-Sagan
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“The nitrogen in our DNA, the calcium in our teeth, the iron in our blood, the carbon in our apple pies were made in the interiors of collapsing stars. We are made of starstuff.” 
-Sagan
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post #9 of 111
Quote:
Originally Posted by BR View Post

The acidification of the oceans is also a major issue.

So we should figure that out - trying to fight global warming is a waste of time. Every time you conserve energy, it just drives down prices on oil so that the Chinese burn more.

I think that deoxignation is worse than acidification, also - you end up with anaerobic bacteria that excrete poison gas. We waste all our time trying to fight global warming instead of learning how to live with it, which is a bad move imho.
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post #10 of 111
That's the bad idea. Giving up and accelerating global climate change isn't going to help things. Effort has to be made on both fronts: slowing or stopping it and potentially living with it.

 

“The nitrogen in our DNA, the calcium in our teeth, the iron in our blood, the carbon in our apple pies were made in the interiors of collapsing stars. We are made of starstuff.” 
-Sagan
Reply

 

“The nitrogen in our DNA, the calcium in our teeth, the iron in our blood, the carbon in our apple pies were made in the interiors of collapsing stars. We are made of starstuff.” 
-Sagan
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post #11 of 111
Quote:
Originally Posted by jazzguru View Post

For the statists, it is.

Climate change does not give a flying fuck if you have extreme right wing politics or not.

It's a big deal for you. It's a big deal for right wing Americans and Christian fundamentalists and it does not give a fuck whether we propose austerity measures that favour the very rich.

In about a hundred years, people like you will be remembered as we remember apologists for slavery.
post #12 of 111
Ethanol has nothing to do with global warming. It is a backdoor farm subsidy, a darling of Republicans, not Liberals. It was a carefully crafted ruse to trick a certain number of the more naive environmentalists into supporting a Republican cause.

Let's end all energy subsidies. Ending the oil subsidy alone will be enough incentive for forward thinking companies to invest in clean energy (not ethanol).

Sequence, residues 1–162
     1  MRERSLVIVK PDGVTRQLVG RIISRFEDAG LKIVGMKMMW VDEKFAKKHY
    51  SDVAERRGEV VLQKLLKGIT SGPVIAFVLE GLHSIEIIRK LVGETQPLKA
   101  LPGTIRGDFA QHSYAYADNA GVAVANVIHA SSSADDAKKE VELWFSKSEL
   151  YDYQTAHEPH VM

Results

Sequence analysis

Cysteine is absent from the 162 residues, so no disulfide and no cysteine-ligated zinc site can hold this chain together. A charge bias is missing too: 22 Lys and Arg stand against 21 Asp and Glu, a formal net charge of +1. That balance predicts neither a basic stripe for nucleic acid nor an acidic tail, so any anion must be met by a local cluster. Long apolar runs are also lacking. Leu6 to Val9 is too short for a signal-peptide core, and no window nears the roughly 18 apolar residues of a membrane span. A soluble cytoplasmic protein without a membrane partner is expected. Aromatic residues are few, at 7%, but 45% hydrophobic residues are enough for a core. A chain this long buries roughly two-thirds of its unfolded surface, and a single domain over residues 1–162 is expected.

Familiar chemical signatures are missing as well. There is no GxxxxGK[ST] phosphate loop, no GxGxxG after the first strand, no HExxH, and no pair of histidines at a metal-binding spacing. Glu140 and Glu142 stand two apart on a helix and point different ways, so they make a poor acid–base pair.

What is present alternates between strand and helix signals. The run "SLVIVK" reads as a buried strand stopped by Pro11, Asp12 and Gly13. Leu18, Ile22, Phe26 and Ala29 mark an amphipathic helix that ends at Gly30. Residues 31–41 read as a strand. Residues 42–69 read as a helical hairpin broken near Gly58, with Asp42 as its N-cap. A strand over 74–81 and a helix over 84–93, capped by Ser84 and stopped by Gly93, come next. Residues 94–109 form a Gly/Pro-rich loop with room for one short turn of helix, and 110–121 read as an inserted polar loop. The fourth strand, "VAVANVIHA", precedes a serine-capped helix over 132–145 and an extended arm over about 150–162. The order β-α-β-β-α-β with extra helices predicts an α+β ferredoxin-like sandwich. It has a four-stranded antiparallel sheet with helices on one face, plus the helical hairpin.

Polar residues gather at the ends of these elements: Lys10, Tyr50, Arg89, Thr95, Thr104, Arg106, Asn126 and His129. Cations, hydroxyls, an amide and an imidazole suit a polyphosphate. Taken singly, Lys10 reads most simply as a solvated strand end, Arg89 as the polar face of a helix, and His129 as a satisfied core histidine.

post #13 of 111
Quote:
Originally Posted by Mumbo Jumbo View Post

Climate change does not give a flying fuck if you have extreme right wing politics or not.

It's a big deal for you. It's a big deal for right wing Americans and Christian fundamentalists and it does not give a fuck whether we propose austerity measures that favour the very rich.

In about a hundred years, people like you will be remembered as we remember apologists for slavery.

I agree with you MJ. History shows us that those who made claims about the climate, about their ability to control it and how they should dictate the actions of their fellow humans to make sure the climate acted in a certain fashion have obviously been portrayed favorably. Likewise those who took climate and engaged in personification with it have been seen in a positive light as well.

Let me known which animals need to be sacrificed on what altar to appease the climate gods.

"During times of universal deceit, telling the truth becomes a revolutionary act." -George Orwell

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"During times of universal deceit, telling the truth becomes a revolutionary act." -George Orwell

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post #14 of 111
Yeah, everybody remembers Teddy Roosovelt as a horrible president...
post #15 of 111
Quote:
Originally Posted by sammi jo View Post

Not to forget, but when (sea) water warms up, it *expands*. Water is at its densest at approximately 39ºF, the greater proportion of the ocean's (surface) temperatures are warmer than this value, and are gradually warming. Thermal expansion is one of the main factors in the current and ongoing rises of sea level.

Part of the problem is that according to recent reports, they are adding to sea level measurements intentionally. Why? Because ocean capacity is increasing, meaning sea levels do not actually rise.

Quote:
Steve Nerem, the director of the widely relied-upon research center, told FoxNews.com that his group added the 0.3 millimeters per year to the actual sea level measurements because land masses, still rebounding from the ice age, are rising and increasing the amount of water that oceans can hold.

and

Quote:
Climate scientist John Christy, a professor at the University of Alabama in Huntsville, said that the amount of water in the ocean and sea level were two different things.
"To me… sea level rise is what's measured against the actual coast," he told FoxNews.com. "That's what tells us the impact of rising oceans."
Taylor agreed.
"Many global warming alarmists say that vast stretches of coastline are going to be swallowed up by the sea. Well, that means we should be talking about sea level, not about global water volume."